It’s entirely possible that data stays resilient and stocks extend the rally in the second half of 2023, but the truth is this market today reminds me more and more of 2006 -2007. During that time, there were multiple signals that forecasted an economic slowdown: The Fed had hiked rates significantly, there were pockets of excess in housing (although we had no idea how deep they ran) and the yield curve inverted. 

But the slowdown didn’t come for a while (people first predicted it to start in 2006, but it didn’t arrive until 2008). That delay led many to believe at the time that it wouldn’t come at all (remember “No Landing” from earlier this year? Well, it’s back!). Now, obviously I don’t think we’re going to have another housing crisis or financial crisis. That’s not what I’m saying. 

What I am saying is that twice in the last 23 years I’ve seen clear evidence an economic slowdown was going to happen, only to have it happen later than people thought (1999-2000 and 2006- 2007) and both times that delayed arrival “tricked” people into thinking it wouldn’t come. 

It was those experiences that led me to not be overtly bearish at the start of the year and to advocate remaining long stocks, because growth slowdowns can take much longer to arrive than anyone thinks. Looking forward, perhaps the yield curve is wrong this time. Perhaps the most aggressive rate hike campaign since the 1980s won’t cause a slowdown. Perhaps earnings can hold up. But I’m not sure that outcome is quite as certain as the market performance in 1H ’23 implies.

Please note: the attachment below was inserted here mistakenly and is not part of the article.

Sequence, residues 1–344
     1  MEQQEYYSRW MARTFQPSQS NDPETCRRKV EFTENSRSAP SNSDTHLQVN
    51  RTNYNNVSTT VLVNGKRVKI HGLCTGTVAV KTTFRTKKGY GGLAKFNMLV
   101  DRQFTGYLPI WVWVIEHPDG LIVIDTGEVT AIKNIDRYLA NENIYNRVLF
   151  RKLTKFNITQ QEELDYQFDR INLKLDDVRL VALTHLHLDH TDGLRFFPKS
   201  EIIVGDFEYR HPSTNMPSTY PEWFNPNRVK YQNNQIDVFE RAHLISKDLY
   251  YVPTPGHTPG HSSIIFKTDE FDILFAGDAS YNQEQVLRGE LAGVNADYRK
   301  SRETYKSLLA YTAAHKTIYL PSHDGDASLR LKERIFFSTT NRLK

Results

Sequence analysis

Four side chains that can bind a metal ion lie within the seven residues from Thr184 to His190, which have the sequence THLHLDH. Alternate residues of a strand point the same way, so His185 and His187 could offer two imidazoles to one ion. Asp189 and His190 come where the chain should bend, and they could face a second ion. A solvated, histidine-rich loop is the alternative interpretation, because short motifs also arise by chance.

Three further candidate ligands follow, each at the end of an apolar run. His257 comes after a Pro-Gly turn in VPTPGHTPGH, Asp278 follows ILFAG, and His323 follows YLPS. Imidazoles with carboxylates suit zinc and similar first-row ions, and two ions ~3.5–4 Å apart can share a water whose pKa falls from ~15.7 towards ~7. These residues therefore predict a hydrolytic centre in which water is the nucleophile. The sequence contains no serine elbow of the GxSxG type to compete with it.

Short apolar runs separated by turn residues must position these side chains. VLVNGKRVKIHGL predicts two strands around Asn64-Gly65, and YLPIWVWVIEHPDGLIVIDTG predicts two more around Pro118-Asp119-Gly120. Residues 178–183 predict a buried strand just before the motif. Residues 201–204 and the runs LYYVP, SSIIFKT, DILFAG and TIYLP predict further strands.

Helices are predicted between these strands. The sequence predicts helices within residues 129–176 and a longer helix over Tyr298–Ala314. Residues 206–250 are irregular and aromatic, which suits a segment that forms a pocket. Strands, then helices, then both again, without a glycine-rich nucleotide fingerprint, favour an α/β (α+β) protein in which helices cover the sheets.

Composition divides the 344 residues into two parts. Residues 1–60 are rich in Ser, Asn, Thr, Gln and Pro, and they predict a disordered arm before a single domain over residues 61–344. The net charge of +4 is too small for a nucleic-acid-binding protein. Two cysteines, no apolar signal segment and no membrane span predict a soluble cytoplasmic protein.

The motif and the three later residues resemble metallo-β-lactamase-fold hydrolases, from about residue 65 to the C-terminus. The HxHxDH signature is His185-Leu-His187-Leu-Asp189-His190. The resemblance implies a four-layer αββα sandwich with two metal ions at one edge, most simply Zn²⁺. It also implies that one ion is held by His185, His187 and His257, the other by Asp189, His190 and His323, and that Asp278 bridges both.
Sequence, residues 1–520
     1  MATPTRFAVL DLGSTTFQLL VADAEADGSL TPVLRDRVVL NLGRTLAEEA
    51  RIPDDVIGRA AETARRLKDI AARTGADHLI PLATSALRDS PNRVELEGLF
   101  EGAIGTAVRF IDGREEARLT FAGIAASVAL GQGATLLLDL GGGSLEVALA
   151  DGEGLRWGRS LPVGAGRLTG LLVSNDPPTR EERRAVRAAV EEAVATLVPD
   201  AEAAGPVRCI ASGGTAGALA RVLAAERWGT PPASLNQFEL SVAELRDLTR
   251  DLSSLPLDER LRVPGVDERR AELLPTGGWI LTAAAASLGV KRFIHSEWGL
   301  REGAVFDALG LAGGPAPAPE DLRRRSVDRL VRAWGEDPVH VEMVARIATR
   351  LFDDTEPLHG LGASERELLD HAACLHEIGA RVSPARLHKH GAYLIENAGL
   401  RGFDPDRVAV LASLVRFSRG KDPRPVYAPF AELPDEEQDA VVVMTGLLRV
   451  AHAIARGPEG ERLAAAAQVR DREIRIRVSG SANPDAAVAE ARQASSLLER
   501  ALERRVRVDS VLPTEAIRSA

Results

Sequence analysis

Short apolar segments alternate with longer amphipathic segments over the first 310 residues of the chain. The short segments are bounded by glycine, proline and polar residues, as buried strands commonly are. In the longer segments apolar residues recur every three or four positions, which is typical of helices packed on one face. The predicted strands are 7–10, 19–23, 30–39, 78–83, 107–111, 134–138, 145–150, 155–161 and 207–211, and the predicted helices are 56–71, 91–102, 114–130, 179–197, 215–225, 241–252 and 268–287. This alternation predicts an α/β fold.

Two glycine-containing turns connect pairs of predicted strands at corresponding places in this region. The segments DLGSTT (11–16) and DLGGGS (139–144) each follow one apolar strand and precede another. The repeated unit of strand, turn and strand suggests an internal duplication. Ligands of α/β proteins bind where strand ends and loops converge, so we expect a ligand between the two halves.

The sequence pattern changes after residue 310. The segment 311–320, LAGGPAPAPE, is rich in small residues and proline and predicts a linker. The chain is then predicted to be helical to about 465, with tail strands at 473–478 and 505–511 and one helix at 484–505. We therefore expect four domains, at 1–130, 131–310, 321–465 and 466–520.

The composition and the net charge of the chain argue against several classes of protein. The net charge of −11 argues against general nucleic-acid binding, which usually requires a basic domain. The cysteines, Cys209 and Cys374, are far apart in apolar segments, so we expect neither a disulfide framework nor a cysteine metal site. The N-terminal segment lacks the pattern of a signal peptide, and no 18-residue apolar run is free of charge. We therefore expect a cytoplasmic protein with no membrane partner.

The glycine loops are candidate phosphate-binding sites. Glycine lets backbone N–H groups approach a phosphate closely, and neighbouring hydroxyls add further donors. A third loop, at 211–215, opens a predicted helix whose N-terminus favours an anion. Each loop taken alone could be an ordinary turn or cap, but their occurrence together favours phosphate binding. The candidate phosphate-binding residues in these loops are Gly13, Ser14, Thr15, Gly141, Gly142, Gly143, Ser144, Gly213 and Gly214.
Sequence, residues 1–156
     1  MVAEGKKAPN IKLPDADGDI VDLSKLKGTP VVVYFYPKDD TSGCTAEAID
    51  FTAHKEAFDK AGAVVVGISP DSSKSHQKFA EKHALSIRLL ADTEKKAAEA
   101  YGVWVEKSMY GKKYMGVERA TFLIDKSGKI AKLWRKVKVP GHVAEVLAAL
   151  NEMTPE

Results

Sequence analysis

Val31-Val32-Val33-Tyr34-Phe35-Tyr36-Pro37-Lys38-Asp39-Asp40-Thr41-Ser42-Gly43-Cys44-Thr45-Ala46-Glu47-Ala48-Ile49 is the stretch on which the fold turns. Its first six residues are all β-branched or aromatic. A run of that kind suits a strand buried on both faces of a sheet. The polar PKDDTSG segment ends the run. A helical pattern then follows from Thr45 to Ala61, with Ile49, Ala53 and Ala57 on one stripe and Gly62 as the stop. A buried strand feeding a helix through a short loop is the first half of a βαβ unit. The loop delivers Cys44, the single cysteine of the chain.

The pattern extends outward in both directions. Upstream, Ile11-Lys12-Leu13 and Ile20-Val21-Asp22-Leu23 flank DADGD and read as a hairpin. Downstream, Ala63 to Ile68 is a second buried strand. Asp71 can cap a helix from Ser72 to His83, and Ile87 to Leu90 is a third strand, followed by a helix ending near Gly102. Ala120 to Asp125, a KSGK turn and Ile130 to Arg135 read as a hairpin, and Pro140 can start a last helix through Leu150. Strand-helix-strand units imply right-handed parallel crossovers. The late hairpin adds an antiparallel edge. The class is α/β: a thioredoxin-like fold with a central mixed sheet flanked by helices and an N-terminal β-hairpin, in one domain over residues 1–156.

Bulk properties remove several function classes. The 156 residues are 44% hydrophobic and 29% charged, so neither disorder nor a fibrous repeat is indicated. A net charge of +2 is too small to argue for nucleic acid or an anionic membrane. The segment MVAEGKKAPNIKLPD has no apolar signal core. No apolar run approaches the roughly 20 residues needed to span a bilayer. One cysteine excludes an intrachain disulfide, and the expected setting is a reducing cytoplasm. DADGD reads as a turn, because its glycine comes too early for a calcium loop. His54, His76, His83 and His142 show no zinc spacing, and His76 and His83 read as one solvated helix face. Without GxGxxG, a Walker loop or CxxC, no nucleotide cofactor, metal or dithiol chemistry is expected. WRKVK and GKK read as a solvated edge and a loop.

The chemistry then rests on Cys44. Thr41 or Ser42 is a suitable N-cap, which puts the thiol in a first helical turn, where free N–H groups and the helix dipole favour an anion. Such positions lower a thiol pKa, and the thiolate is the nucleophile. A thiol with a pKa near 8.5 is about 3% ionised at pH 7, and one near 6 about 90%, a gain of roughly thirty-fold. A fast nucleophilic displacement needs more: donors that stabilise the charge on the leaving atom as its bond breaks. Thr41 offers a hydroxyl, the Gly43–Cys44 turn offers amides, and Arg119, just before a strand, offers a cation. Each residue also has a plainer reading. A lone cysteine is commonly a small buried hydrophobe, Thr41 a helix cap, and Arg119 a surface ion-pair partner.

To be clear, I’m not hoping for a slowdown. I’m not a bear. I hope the market does keep rallying. I hope there is no slowdown and the S&P 500 closes sharply higher for the year. But it’s not my job to be a cheerleader and say everything’s great because the S&P 500 is up YTD. That’s not why I’m here. 

Instead, it’s our job to stay focused on facts and tell you what’s driving markets and the risk/reward across asset classes and areas we think can outperform (or underperform). Better-than-feared economic data drove markets and pushed stocks higher in the first half of 2023, but the chances of an ultimate slowdown have not declined as much as the S&P 500 would imply—it just hasn’t arrived as early as feared. 

So, as we start the second half of 2023, we remain fully invested holders of stocks, but still wary of an economic slowdown. And unlike the start of 2023, markets do not have low valuations and negative sentiment to cushion any blow. So, while momentum is higher, be aware that if economic data does turn negative (and we’ll be the first to tell you if it does) then there’s no support for this market for at least 10% (or more). 

There wasn’t a lot of economic data last week but what data we got was stronger than expected, and that fueled both a rise in Treasury yields and stocks (especially cyclicals) as investors seemed to re-embrace the “No Landing” economic scenario.